Hooray! Herpes Vaccines Are Underway!
Combining herpes with a toxic bacteria and injecting it into your body sounds like a terrible idea, right? At first, absolutely. But surprisingly, this seemingly horrific combination may be exactly what all us sex loving folks have been waiting for, the key to a herpes-free future in the form of a preventative vaccine.
What is Herpes?
Don’t know the basics about herpes yet? As of right now, it’s a lifelong and highly contagious affliction with no cure. While it's not fatal, it creates open and oozing blisters and sores, opening up a direct pathway into the bloodstream which significantly increases the likelihood of catching a secondary STD, like HIV.
For your and your partner's protection, check out this informative article 'Herpes Simplex Virus' from our STD Risk Assessment Page to find out how to reduce the likelihood of catching or spreading HSV-1 (oral herpes) and/or HSV-2 (genital herpes). If you already have herpes, like one in six Americans do, 'Disclosing STDs: Before and After' is a helpful communication and STD-related relationship resource.
Herpes Vaccines in Development: The Race for First Place
Ever since 2011, the race to be the first to research, develop and test a viable herpes vaccine has been underway, in a big way. For the past three years, the major BioTech contenders hustling for victory against this virus are: GlaxoSmithKline, Agenus, Vical, Tomegavax, Sanofi-NIH and Genocea.
After some disappointing data regarding the effectiveness of these early vaccination formulas, specifically the one made in 2012 called HerpeVac, GlaxoSmithKline was left behind in the dust. An unsatisfactory stat of 20% protection against HSV-1 and HSV-2 in women and a 0% success rate for men, was the bitter end of the once hope-inducing HerpeVac.
My skeptical side has an inkling as to the true cause of this fail. GSK is the sole owner of Valtrex, the only herpes treatment available in pill form. I suspect the shortcomings of HerpeVac had more to do with the projected profit losses from millions of unfilled anti-viral Valtrex prescriptions and less to do with actually curing or preventing herpes (only a one time profit for them). It feels like a conflict of interest, much like Trojan condoms and First Response Pregnancy Tests being owned by the same parent company. It’s OK, Glaxo-- we all still love you guys for protecting us against dreaded, sexually-transmitted hepatitis strains.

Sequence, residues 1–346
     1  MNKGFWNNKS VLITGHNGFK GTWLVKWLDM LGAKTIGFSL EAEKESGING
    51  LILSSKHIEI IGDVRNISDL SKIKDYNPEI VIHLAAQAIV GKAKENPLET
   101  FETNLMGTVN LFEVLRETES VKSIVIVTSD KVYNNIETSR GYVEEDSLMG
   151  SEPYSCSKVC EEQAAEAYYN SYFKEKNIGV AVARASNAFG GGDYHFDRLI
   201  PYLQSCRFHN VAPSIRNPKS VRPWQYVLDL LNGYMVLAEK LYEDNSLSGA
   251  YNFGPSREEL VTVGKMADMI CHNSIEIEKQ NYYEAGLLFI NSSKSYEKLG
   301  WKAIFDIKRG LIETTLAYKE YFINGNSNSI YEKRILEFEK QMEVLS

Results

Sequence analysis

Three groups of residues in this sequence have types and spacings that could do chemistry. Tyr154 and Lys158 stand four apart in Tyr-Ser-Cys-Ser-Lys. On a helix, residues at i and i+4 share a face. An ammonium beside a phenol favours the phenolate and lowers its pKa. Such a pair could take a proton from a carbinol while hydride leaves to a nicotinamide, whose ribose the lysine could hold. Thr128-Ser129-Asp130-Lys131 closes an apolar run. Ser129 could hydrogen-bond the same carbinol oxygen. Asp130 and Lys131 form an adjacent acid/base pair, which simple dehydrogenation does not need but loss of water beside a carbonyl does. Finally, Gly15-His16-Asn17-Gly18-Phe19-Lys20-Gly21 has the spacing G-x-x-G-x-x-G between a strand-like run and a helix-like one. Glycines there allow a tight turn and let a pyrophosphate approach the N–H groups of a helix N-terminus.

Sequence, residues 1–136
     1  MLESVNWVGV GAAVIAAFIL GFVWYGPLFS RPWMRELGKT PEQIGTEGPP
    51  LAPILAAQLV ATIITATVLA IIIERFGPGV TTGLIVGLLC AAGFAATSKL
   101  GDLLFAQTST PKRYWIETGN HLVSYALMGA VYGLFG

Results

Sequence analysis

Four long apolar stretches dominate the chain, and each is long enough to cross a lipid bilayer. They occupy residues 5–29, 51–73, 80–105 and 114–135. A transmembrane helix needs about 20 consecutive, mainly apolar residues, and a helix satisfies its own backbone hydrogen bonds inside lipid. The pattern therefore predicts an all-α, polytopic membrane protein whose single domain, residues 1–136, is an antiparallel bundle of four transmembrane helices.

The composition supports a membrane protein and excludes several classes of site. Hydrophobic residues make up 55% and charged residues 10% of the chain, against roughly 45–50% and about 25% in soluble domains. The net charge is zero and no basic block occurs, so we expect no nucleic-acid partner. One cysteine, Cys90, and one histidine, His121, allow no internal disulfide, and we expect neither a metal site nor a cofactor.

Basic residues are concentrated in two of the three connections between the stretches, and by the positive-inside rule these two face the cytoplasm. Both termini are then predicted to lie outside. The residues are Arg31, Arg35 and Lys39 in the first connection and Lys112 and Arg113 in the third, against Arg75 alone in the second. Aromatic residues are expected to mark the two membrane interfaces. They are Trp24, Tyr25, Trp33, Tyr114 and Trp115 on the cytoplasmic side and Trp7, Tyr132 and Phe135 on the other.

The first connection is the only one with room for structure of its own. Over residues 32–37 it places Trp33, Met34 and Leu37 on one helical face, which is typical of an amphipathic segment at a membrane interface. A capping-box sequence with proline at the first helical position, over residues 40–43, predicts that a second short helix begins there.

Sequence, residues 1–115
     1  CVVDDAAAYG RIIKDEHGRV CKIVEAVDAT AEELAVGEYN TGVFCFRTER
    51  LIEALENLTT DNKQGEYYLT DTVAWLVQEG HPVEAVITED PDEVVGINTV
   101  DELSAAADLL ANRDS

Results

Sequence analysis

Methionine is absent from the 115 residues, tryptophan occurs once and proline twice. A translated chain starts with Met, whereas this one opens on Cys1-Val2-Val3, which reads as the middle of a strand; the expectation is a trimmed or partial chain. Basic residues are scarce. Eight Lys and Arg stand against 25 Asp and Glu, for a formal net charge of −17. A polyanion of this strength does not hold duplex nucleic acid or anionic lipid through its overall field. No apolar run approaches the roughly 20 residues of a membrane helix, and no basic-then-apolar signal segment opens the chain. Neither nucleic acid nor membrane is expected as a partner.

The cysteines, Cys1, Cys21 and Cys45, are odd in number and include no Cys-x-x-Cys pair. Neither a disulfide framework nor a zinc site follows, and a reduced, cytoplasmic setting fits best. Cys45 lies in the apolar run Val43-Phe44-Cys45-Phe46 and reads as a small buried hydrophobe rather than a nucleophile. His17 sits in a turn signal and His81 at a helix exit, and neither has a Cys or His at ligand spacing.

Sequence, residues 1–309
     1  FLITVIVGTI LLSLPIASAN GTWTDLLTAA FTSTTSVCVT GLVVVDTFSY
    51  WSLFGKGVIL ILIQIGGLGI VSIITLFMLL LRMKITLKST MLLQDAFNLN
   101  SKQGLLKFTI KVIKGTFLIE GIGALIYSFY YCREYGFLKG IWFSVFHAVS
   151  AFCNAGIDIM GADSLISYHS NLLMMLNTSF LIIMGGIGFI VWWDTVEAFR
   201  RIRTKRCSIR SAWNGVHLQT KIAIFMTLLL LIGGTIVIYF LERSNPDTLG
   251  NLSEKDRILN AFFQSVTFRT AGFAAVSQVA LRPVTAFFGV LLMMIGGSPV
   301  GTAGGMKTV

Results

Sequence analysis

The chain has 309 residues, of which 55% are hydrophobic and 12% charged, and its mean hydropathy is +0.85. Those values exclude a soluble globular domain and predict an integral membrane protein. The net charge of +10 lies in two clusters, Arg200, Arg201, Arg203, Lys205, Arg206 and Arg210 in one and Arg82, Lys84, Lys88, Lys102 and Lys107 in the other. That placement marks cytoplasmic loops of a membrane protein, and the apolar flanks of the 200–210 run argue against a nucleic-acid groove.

When Agenus and Sanofi-NIH combined forces in late 2013 in an effort to improve the quality, cost effectiveness and to decrease the timeframe which this new vaccine will take to receive the essential FDA stamp of approval, they totally dominated the battle to create a more successful herpes vaccine. Their latest press release in June of 2014 reports a 75% reduction in viral load in those who were vaccinated, which is enough to decrease both the severity and frequency of outbreaks.
Hold up though, because it's a close one and Agenus is not alone in this neck-and-neck vax competition. Vical, Tomegavax and Genocea are not giving up that easily. These three corporations are still contenders in the race. Developing and selling a herpes vaccine means media attention and rising profits for the stockholders in these companies, particularly when you consider the sheer number of potential customers, as experts estimate that 45 million people over the age of 18 have either HSV-1 and/or HSV-2. One of the major holdups for these companies, across the board, is increasing the success rate of the vaccine in male patients, as so far all of the vaccines have been more beneficial to women.
When it comes to medical innovation-- where there is a will, and proper funding, there is a way. In fact, other non-sexually transmitted herpes viruses like chickenpox and herpes zoster (shingles) already have FDA approved vaccines on the market. But, they are only helpful if you get them in time, so listen up parents and expecting parents-- like HPV, the older you are and the more partners you've had, the more likely you are to catch the virus. Unlike the age restrictions on the HPV vaccine Gardasil, no official word has been released to the press about any age restrictions on these potential herpes vaccines, but if at all possible getting it early on in life could offer the most protection for your kids in their future.
Who will win this relay to the herpes-free finish line? Will it be a photo finish between all of them, or will one company pull ahead in the final lap? We'll let you know when it happens, but for now, only time will tell. But, one thing is for certain-- currently, there are more real reasons to hope for the end of the herpes transmission era than ever before, and at the risk of making a cold sore crack in the process, I think this particular race is one worth smiling about.
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